I’ve enjoyed Christopher Moore’s books for years, starting with The Island of the Sequined Love Nun, which I bought largely because of the title and an Amazon recommendation. Since then, I’ve bought all of his other books and enjoyed all of them, although Lamb was frequently aggravating, but at least thought provoking.

So I was happy to receive a copy of his latest in the mail: Fluke: Or, I Know Why the Winged Whale Sings as a gift from my sister. The first half of the book is as enjoyable as anything he’s written, but it all kind of came apart at the end. In retrospect, I would have enjoyed the book more if he’d just stopped 23 of the way in, even with the gaping unresolved plot holes. The last few chapters required way too much suspension of disbelief, and even once that was achieved, I had a hard time following what was supposed to be happening.

The book tells the story of Nathan Quinn, a humpback whale researcher in Maui. He’s spent most of his life studying the humpback’s song, trying to find meaning in their slowly changing notes. Every spring, the humpbacks (megaptera novaeangliae, or roughly “the great wing of new england”–hence the “winged whale” in the title) return to Maui to calve, swimming thousands of miles and spending months at a time without food. There are a number of mysteries about the humpback’s song–why do only the males sing, who are they singing to (other males in Maui? Whales on the other end of the ocean?), why do the whales all sing the same basic song every year?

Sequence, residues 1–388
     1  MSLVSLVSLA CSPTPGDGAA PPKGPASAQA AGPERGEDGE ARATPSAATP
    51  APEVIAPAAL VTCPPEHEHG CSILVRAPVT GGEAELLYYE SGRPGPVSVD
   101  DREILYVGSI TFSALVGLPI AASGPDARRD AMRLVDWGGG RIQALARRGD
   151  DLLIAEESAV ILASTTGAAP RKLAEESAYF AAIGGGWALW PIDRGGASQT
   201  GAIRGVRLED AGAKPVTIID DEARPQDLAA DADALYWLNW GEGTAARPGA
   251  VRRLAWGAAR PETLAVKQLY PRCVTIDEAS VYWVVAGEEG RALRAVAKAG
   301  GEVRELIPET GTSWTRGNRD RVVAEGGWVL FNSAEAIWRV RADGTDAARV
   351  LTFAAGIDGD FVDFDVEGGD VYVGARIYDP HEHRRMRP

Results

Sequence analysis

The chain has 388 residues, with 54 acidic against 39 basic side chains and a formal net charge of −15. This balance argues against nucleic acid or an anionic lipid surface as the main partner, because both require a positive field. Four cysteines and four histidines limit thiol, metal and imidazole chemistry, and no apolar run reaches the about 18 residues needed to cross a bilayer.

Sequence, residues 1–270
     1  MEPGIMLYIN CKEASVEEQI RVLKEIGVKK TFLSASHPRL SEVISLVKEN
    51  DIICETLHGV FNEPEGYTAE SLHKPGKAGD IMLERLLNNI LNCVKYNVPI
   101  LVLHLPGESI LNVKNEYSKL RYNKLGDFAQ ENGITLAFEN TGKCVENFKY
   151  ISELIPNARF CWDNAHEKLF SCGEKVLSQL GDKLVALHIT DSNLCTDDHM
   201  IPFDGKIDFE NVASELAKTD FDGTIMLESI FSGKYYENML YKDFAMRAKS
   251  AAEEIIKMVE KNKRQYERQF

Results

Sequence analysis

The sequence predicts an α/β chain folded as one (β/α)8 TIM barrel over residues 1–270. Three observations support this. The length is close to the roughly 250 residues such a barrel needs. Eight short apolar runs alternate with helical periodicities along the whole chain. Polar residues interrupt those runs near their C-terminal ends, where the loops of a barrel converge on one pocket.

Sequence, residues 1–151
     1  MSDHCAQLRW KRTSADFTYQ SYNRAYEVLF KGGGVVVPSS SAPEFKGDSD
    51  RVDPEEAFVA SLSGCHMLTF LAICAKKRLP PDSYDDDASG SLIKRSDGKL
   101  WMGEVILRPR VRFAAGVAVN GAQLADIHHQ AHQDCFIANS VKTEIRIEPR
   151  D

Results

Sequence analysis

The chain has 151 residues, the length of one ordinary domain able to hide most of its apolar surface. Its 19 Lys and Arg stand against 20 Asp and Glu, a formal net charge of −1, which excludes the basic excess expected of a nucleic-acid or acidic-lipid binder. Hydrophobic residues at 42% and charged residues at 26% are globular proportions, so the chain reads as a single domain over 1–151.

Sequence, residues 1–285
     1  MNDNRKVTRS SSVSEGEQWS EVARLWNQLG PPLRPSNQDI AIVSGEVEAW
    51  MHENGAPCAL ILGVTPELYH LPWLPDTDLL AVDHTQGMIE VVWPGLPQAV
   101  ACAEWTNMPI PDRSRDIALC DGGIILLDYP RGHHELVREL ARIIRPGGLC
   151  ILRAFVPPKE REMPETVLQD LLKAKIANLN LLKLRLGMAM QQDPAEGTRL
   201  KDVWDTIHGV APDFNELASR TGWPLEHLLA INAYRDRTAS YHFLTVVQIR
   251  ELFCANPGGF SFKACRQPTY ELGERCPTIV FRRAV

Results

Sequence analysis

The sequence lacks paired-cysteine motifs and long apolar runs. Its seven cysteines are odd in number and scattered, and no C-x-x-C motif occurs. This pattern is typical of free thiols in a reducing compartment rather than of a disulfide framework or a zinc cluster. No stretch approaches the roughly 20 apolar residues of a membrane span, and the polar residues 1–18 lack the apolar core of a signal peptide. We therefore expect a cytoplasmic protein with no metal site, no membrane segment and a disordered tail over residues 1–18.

Fortunately or unfortunately, the book answers the question, but only in the very end, after a rollercoaster ride across the pacific. Before the ride began, we got to meet a great cast of characters, like Kona, their white rasta hawaiian native jewish boat washer from New Jersey–even he couldn’t keep track of which accent he was supposed to be using half of the time. The story was moving right along until the author decided to pull out the “magic happens here” card and the entire book disintegrated into a pile of stinking whale vomit. Which is a shame, because it was a great book right up to that point.